United States District Court, E.D. Michigan, Southern Division
AHMED M. MOQBEL, Plaintiff,
COMMISSIONER OF SOCIAL SECURITY, Defendant.
OPINION AND ORDER ADOPTING MAGISTRATE JUDGE'S REPORT AND RECOMMENDATION, GRANTING DEFENDANT'S MOTION FOR SUMMARY JUDGMENT, DENYING PLAINTIFF'S MOTION FOR SUMMARY JUDGMENT, AND DISMISSING PLAINTIFF'S COMPLAINT
DAVID M. LAWSON, District Judge.
The plaintiff filed the present action on September 30, 2013 seeking review of the Commissioner's decision denying the plaintiff's claims for a period of disability and disability insurance benefits under Title II of the Social Security Act and supplemental security income benefits under Title XVI of the Social Security Act. The case was referred to United States Magistrate Judge Charles E. Binder pursuant to 28 U.S.C. § 636(b)(1)(B) and E.D. Mich. LR 72.1(b)(3). Thereafter, the plaintiff filed a motion for summary judgment to reverse the decision of the Commissioner and remand the case to the Commission for an award of benefits. The defendant filed a motion for summary judgment requesting affirmance of the decision of the Commissioner. Magistrate Judge Binder filed a report on November 6, 2014 recommending that the plaintiff's motion for summary judgment be denied and the defendant's motion for summary judgment be granted. The plaintiff filed objections to the recommendation on November 17, 2014. This matter is now before the Court.
When a party files timely objections to a report and recommendation, the Court must "make a de novo determination of those portions of the report or specified findings or recommendations to which objection is made." 28 U.S.C. § 636(b)(1); see also United States v. Raddatz, 447 U.S. 667 (1980); United States v. Walters, 638 F.2d 947 (6th Cir. 1981). This de novo review requires the court to re-examine all of the relevant evidence previously reviewed by the magistrate judge in order to determine whether the recommendation should be accepted, rejected, or modified in whole or in part. 28 U.S.C. § 636(b)(1).
"The filing of objections provides the district court with the opportunity to consider the specific contentions of the parties and to correct any errors immediately, " Walters, 638 F.2d at 950, enabling the court "to focus attention on those issues - factual and legal - that are at the heart of the parties' dispute, " Thomas v. Arn, 474 U.S. 140, 147 (1985). As a result, "[o]nly those specific objections to the magistrate's report made to the district court will be preserved for appellate review; making some objections but failing to raise others will not preserve all the objections a party may have.'" McClanahan v. Comm'r of Soc. Sec., 474 F.3d 830, 837 (6th Cir. 2006) (quoting Smith v. Detroit Fed'n of Teachers Local 231, 829 F.2d 1370, 1373 (6th Cir. 1987)).
The dispute in the case is straightforward. The plaintiff alleges that he is disabled within the meaning of the Social Security Act because of intractable back pain. The administrative law judge (ALJ), after conducting a hearing, concluded that the plaintiff retained the capacity to perform a limited range of light work. The plaintiff contends that the record demonstrates that, at most, he can perform sedentary work. He amended his disability onset date to a date after his fiftieth birthday, and says that when limited to sedentary work, the Commissioner's GRID Rules would direct a finding of disabled. See Medical Vocational Rule 201.09 &.10. Therefore, he argues, the ALJ's decision was not supported by substantial evidence. The Commissioner disagrees, as did the magistrate judge.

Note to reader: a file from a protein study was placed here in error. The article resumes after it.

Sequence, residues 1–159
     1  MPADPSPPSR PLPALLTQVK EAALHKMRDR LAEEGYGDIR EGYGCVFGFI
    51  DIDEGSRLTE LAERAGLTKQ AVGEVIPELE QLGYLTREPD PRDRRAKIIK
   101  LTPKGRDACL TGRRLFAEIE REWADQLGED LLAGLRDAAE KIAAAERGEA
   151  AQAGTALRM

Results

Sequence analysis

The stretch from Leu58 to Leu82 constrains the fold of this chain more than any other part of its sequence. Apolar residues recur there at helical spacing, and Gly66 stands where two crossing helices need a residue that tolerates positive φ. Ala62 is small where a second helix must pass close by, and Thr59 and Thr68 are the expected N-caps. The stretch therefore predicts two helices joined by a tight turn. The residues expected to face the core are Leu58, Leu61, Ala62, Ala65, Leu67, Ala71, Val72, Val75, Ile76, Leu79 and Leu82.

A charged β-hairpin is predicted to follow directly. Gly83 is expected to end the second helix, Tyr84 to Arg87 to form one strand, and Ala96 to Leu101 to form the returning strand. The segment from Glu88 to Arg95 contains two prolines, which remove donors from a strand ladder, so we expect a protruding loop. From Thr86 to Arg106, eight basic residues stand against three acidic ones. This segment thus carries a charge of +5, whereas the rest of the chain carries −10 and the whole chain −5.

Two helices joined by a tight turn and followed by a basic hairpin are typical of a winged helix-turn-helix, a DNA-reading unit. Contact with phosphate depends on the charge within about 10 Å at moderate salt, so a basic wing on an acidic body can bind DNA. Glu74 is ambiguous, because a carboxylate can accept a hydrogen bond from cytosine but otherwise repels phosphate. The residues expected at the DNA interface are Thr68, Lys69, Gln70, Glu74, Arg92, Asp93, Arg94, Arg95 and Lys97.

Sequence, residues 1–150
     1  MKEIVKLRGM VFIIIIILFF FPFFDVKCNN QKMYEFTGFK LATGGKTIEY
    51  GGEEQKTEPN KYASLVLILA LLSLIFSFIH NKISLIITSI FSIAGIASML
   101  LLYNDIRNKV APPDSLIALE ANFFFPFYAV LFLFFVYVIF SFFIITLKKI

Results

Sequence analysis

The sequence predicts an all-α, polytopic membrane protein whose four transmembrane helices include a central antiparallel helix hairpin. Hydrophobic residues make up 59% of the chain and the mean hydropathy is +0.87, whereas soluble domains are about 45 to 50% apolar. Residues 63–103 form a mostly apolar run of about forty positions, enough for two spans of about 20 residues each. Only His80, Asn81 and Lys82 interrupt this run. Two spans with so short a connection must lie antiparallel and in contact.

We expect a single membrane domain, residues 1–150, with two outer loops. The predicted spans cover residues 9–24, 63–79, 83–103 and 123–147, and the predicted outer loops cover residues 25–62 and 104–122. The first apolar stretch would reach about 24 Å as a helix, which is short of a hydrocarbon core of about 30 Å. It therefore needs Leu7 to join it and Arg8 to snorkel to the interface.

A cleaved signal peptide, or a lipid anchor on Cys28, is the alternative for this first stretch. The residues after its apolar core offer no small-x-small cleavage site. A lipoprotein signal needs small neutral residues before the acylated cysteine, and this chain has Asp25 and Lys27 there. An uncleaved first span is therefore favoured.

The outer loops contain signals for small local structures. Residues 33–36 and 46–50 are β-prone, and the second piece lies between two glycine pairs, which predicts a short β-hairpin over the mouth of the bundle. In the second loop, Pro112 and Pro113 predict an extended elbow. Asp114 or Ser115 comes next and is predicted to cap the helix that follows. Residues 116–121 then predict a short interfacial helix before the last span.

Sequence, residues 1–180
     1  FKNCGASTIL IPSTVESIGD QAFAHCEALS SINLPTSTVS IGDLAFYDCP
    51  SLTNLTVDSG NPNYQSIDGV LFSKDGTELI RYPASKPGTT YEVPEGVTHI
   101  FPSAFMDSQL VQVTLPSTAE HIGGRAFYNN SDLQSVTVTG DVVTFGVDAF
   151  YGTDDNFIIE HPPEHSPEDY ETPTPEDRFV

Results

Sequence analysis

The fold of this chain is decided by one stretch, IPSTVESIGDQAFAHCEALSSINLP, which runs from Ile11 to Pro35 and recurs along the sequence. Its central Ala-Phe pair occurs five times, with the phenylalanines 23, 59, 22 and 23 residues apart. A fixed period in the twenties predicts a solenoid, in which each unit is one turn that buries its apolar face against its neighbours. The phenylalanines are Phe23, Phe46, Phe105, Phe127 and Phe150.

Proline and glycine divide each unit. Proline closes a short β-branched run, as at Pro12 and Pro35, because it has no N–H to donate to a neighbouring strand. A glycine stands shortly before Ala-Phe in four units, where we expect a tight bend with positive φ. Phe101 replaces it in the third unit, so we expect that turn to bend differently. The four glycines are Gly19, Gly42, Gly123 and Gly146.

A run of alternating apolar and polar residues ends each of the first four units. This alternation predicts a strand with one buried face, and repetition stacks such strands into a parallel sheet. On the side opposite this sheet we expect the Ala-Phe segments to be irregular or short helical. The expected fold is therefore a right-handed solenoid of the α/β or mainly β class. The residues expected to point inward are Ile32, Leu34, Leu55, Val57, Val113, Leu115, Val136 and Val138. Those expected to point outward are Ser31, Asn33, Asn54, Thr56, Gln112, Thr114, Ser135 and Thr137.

The Court has reviewed the file, the report and recommendation, and the plaintiff's objections and has made a de novo review of the administrative record in light of the parties' submissions. The plaintiff, who is now 54 years old, filed his application for disability insurance benefits and supplemental security income on March 2, 2011 when he was fifty. The plaintiff has a ninth grade education and has prior work experience as a busboy, hand packager, and machine operator. The plaintiff last worked on December 31, 2009, the date he alleged he became disabled as a result of chronic back pain. The plaintiff alleged that he could no longer work because of the pain. The plaintiff has been diagnosed with degenerative joint disease of the lumbar spine, kidney stones, and dysuria.
The plaintiff's application for disability insurance benefits was denied initially. The plaintiff made a timely request for an administrative hearing. On May 17, 2012, the plaintiff appeared before ALJ Patrick Maclean when he was 51 years old. ALJ Maclean filed a decision on May 25, 2012 in which he found that the plaintiff was not disabled. The ALJ reached that conclusion by applying the five-step sequential analysis prescribed by the Secretary in 20 C.F.R. §§ 404.1520, 416.920. The ALJ found that the plaintiff meets the insured status requirements of the Social Security Act through December 31, 2014 and has not engaged in substantial gainful activity since December 31, 2009 (step one); the plaintiff suffered from degenerative joint disease of the lumbar spine, which is "severe" within the meaning of the Social Security Act, and kidney stones and dysuria, which are not severe within the meaning of the Social Security Act (step two); none of these impairments alone or in combination met or equaled a listing in the regulations (step three); and the plaintiff could not perform his previous work as a hand packager, machine operator, or kitchen helper, which was unskilled and semi-skilled and required medium exertion.